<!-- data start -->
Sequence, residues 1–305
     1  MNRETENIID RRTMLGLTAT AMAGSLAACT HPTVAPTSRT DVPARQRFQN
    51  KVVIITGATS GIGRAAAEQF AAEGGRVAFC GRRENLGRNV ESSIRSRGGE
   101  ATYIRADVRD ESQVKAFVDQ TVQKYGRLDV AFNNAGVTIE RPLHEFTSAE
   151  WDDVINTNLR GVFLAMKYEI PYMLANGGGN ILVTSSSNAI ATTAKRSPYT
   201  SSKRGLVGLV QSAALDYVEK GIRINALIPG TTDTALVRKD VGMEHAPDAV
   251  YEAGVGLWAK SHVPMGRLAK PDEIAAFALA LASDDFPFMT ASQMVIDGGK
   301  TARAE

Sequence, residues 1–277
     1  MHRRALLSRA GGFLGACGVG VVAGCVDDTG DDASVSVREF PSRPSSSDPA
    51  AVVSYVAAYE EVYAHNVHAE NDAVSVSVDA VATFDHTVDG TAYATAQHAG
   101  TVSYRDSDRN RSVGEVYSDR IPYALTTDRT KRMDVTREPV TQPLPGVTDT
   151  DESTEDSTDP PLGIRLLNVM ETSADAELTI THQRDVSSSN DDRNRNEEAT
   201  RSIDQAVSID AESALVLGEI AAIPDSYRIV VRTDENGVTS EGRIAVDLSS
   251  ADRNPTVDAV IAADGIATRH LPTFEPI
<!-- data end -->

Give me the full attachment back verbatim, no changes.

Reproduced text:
Sequence, residues 1–305
     1  MNRETENIID RRTMLGLTAT AMAGSLAACT HPTVAPTSRT DVPARQRFQN
    51  KVVIITGATS GIGRAAAEQF AAEGGRVAFC GRRENLGRNV ESSIRSRGGE
   101  ATYIRADVRD ESQVKAFVDQ TVQKYGRLDV AFNNAGVTIE RPLHEFTSAE
   151  WDDVINTNLR GVFLAMKYEI PYMLANGGGN ILVTSSSNAI ATTAKRSPYT
   201  SSKRGLVGLV QSAALDYVEK GIRINALIPG TTDTALVRKD VGMEHAPDAV
   251  YEAGVGLWAK SHVPMGRLAK PDEIAAFALA LASDDFPFMT ASQMVIDGGK
   301  TARAE

Sequence, residues 1–277
     1  MHRRALLSRA GGFLGACGVG VVAGCVDDTG DDASVSVREF PSRPSSSDPA
    51  AVVSYVAAYE EVYAHNVHAE NDAVSVSVDA VATFDHTVDG TAYATAQHAG
   101  TVSYRDSDRN RSVGEVYSDR IPYALTTDRT KRMDVTREPV TQPLPGVTDT
   151  DESTEDSTDP PLGIRLLNVM ETSADAELTI THQRDVSSSN DDRNRNEEAT
   201  RSIDQAVSID AESALVLGEI AAIPDSYRIV VRTDENGVTS EGRIAVDLSS
   251  ADRNPTVDAV IAADGIATRH LPTFEPI